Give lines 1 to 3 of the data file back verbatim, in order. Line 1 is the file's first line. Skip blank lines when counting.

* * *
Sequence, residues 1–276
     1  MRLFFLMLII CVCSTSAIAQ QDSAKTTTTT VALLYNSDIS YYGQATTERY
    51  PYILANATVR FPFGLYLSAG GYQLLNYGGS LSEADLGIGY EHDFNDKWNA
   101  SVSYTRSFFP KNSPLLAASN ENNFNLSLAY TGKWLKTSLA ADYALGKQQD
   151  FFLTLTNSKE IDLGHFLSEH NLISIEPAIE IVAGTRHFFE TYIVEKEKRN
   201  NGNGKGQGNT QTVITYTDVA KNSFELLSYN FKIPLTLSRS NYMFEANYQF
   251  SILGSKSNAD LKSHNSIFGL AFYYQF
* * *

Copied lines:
Sequence, residues 1–276
     1  MRLFFLMLII CVCSTSAIAQ QDSAKTTTTT VALLYNSDIS YYGQATTERY
    51  PYILANATVR FPFGLYLSAG GYQLLNYGGS LSEADLGIGY EHDFNDKWNA